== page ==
Expand solar to about 15% of New Jersey’s energy mix by 2030, and help reach that goal by adopting a program to reduce costs to residences and businesses.

Direct New Jersey’s Board of Public Utilities to undertake a comprehensive review of best practices nationally and make recommendations for further strengthening and expanding New Jersey’s solar capacity through a public process.


New Jersey slowed its move to clean energy by diverting more than $1.3 billion that utility customers had paid into programs designed to reduce energy use and promote development of renewable energy sources. These diversions for other purposes continued under the state budget adopted for the fiscal year starting July 1, 2017.


Use money from the Clean Energy Fund exclusively for energy efficiency, clean energy projects, and innovative clean energy technologies.

Raiding this fund and others is a counterproductive practice that delays a meaningful solution to the state’s fiscal problems and sets back efforts to improve residents’ well-being in important areas. This needs to stop. If legislators and the governor summoned the will, they could generate the resources needed for top state priorities.

At least 40% of yearly allocations from the Clean Energy Fund should go to energy efficiency and renewable energy projects in New Jersey’s urban areas and communities of color.


New Jersey’s increased reliance on natural gas for electricity has serious drawbacks. Though natural gas burns more cleanly than oil or coal, it is a non-renewable fossil fuel, with high levels of carbon dioxide, and it brings a dramatic increase in emissions of methane—a powerful greenhouse gas that absorbs 25 times as much heat as CO2 does. In addition to the climate impact, there are direct local effects: some power plants fueled by natural gas, including the Newark Energy Center, are in economically distressed neighborhoods and communities of color, where they contribute to air pollution that already is at disproportionately high levels.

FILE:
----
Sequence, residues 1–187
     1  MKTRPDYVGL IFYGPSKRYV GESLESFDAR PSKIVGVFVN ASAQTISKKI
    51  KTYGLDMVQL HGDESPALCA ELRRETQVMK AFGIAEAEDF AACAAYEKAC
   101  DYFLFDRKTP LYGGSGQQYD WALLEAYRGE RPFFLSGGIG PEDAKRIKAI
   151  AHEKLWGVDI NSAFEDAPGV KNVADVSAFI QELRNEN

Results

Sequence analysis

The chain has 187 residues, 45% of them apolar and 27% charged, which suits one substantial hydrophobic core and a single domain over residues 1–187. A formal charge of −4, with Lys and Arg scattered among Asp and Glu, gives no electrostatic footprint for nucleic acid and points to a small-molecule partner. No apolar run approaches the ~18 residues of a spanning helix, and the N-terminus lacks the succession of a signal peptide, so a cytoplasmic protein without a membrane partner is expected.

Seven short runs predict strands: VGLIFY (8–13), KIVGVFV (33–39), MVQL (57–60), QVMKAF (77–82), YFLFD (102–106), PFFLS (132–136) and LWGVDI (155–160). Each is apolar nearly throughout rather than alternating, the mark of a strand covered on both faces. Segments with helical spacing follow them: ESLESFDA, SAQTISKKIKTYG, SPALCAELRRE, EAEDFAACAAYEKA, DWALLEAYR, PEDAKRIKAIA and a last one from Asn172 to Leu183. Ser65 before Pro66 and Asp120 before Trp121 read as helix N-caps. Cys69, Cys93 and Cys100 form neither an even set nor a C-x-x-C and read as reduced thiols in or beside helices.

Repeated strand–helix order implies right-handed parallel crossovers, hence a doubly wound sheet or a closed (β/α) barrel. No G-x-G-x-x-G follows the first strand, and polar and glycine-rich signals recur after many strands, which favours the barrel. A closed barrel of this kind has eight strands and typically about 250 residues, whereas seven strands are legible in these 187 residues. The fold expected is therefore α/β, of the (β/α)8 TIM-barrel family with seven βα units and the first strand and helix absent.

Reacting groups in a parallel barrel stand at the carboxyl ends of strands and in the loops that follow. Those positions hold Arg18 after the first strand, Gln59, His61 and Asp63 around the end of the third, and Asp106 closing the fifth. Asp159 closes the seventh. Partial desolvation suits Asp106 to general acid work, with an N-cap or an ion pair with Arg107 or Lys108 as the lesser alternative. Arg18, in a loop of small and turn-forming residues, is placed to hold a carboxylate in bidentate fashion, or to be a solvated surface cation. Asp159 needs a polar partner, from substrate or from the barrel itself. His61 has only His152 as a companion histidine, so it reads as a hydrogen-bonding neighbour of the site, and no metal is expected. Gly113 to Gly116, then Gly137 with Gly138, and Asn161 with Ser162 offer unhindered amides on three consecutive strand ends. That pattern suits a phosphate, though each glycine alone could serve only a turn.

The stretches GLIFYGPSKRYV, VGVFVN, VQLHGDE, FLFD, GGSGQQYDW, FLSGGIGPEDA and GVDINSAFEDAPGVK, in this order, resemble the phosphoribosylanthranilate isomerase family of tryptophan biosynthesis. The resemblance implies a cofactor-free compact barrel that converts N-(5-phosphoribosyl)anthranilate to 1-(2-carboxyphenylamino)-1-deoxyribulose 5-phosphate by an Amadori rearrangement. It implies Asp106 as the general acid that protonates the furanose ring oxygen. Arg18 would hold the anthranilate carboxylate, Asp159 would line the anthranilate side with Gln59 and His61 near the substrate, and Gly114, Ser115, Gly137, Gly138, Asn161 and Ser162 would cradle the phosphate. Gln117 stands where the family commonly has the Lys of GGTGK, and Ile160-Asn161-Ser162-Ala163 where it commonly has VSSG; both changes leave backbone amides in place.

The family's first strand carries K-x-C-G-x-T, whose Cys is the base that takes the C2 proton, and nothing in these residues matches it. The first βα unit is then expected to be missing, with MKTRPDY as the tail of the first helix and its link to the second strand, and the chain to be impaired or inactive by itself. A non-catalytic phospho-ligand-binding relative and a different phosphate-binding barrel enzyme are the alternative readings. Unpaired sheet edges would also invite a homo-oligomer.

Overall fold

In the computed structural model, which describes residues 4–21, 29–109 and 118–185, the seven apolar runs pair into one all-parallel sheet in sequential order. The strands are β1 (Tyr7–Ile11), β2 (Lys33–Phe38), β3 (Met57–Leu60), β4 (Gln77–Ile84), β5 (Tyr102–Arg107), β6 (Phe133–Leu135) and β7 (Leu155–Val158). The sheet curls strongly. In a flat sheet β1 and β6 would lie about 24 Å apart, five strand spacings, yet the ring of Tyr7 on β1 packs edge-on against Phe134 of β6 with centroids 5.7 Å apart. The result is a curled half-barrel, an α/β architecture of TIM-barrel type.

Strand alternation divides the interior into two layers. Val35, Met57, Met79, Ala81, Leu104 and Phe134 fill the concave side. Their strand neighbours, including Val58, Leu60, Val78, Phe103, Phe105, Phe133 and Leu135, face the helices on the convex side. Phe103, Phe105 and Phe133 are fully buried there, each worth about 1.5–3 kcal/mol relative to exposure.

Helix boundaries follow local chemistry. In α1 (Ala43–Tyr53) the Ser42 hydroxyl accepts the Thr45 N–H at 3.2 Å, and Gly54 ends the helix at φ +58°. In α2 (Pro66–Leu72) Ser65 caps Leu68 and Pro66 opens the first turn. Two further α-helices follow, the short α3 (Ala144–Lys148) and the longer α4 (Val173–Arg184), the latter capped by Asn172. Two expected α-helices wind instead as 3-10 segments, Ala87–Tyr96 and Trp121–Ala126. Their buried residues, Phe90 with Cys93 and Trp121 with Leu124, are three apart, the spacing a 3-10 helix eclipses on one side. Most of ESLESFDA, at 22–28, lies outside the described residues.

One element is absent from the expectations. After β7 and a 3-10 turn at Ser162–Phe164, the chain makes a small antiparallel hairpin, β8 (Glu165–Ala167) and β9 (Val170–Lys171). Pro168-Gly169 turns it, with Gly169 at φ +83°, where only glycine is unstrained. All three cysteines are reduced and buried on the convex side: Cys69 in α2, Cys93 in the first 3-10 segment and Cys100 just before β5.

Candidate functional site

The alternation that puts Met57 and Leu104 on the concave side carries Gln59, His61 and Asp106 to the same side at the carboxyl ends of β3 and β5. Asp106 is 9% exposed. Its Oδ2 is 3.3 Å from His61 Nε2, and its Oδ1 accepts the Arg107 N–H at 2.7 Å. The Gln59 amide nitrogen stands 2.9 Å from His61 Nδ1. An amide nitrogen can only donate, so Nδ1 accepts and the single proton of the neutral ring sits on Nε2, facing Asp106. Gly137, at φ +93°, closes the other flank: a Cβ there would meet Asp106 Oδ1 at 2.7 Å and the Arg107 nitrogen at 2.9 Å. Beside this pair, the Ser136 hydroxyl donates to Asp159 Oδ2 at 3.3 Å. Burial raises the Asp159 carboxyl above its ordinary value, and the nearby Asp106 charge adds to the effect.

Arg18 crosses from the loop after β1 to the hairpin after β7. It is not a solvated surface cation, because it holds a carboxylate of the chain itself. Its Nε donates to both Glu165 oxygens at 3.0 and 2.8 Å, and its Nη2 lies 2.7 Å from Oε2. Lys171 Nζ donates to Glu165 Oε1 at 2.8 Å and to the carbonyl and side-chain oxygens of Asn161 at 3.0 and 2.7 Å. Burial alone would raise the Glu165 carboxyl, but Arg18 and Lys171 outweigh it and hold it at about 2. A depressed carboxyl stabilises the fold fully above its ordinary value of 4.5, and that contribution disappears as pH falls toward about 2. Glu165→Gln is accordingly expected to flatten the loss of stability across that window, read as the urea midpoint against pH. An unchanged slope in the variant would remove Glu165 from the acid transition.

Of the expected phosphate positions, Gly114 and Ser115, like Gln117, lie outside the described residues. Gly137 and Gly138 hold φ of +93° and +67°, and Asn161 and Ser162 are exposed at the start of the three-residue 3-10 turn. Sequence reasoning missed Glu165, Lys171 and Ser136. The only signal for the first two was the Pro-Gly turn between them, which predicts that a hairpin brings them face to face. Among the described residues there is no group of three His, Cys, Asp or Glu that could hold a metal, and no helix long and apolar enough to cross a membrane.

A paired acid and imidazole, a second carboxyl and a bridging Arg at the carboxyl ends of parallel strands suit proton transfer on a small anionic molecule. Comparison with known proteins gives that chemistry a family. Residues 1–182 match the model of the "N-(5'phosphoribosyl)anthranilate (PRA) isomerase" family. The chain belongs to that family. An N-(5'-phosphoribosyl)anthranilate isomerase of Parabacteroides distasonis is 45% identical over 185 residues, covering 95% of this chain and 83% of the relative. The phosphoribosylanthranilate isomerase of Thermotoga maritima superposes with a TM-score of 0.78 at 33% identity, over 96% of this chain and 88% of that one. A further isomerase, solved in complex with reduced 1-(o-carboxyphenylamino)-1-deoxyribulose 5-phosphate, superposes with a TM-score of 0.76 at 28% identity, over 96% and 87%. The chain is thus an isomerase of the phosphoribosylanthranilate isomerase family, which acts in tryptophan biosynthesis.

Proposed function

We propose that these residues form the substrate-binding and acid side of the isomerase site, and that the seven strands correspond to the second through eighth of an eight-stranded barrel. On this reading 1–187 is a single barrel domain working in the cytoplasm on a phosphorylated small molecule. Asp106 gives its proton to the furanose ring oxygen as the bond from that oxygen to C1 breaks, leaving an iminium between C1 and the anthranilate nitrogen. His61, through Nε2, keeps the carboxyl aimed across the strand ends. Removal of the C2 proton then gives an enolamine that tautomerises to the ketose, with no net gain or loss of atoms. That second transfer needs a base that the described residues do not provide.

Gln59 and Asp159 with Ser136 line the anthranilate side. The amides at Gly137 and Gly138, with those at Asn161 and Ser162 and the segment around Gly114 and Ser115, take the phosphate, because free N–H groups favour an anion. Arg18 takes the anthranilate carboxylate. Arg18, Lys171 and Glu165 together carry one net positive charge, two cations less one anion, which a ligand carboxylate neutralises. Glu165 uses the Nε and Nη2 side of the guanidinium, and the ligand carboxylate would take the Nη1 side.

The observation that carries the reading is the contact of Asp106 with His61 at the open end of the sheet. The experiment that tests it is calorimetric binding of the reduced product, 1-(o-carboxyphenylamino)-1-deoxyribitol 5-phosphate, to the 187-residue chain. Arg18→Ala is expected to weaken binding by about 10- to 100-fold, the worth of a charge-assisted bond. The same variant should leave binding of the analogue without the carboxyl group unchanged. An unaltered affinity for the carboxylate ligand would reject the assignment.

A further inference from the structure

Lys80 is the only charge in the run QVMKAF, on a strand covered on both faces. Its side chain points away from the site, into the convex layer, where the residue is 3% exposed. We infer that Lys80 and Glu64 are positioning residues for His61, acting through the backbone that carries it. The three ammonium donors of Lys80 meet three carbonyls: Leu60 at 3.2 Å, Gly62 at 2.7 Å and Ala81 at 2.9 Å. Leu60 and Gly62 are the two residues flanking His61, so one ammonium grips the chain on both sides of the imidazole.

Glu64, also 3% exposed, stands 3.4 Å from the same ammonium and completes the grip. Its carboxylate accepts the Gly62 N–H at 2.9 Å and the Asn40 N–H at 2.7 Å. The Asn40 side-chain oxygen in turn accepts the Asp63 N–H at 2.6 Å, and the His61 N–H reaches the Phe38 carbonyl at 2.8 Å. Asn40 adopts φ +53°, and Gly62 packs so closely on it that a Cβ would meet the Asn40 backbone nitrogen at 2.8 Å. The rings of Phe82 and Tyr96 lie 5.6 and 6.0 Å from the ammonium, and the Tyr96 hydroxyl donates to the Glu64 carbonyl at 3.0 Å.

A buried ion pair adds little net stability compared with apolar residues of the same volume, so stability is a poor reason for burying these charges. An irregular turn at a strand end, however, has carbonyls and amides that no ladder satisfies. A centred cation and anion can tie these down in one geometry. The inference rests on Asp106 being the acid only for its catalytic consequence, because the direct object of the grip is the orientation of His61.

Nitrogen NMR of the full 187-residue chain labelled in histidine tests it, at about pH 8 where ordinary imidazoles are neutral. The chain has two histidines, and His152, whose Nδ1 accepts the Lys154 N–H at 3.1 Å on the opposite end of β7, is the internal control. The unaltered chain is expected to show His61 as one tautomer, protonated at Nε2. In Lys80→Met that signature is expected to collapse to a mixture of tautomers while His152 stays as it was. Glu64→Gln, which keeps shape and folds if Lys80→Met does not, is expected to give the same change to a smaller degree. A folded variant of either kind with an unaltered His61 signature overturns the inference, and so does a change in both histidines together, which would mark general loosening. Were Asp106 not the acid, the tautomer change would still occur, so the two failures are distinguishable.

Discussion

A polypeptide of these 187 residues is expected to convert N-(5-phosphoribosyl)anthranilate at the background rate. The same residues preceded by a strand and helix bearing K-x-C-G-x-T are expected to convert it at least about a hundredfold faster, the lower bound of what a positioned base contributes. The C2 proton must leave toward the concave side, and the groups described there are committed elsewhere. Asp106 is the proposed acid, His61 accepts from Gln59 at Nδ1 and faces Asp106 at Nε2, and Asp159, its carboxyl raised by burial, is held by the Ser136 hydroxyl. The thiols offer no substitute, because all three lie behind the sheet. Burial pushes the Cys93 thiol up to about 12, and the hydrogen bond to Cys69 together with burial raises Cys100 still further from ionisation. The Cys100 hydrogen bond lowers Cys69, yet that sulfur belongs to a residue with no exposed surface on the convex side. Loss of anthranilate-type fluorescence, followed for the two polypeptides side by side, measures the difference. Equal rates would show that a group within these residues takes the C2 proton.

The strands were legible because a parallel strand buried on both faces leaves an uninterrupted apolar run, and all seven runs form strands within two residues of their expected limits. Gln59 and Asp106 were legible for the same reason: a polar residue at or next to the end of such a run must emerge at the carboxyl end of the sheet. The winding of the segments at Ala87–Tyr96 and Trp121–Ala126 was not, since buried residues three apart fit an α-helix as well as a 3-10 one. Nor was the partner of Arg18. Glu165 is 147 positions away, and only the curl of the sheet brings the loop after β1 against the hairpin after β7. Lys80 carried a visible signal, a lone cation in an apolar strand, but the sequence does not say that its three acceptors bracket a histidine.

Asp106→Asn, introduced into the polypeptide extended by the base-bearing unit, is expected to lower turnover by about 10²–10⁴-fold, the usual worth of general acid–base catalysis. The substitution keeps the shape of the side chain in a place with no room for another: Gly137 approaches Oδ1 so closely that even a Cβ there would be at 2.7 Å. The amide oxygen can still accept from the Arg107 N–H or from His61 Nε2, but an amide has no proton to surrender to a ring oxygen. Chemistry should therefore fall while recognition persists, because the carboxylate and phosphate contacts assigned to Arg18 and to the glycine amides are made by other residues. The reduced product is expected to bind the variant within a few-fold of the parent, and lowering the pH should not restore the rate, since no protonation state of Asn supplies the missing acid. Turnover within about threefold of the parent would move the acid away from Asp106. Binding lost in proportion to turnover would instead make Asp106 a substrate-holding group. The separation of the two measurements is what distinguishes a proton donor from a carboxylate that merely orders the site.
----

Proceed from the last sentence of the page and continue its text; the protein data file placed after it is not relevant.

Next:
A growing share of the natural gas reaching New Jersey comes from hydraulic fracturing (“fracking”) in Pennsylvania. To carry this product from source to end users elsewhere in the U.S. and overseas, new pipelines have been proposed for New Jersey. Already, 1,520 miles of pipelines crisscross the state. Serious questions have been raised about the dangers these pipelines pose to public health and ecologically sensitive lands and habitat—explosions, as well as accidents, leaks, and spills—as well as about whether more pipelines are being proposed than needed to meet demand.


Place a moratorium on all pending pipeline projects and conduct a review to determine whether they are necessary, safe, and consistent with the state’s goals to reduce the adverse impacts of climate change.

Such an assessment would include determining pipelines’ impact on New Jersey’s ability to meet targets under the Global Warming Response Act.

Ensure that pipelines do not damage critical natural resources, by using the state’s full authority under the Clean Water Act and state regulations.

This would help prevent the approval of projects that are inconsistent with the regional plans protecting the Pinelands and the Highlands.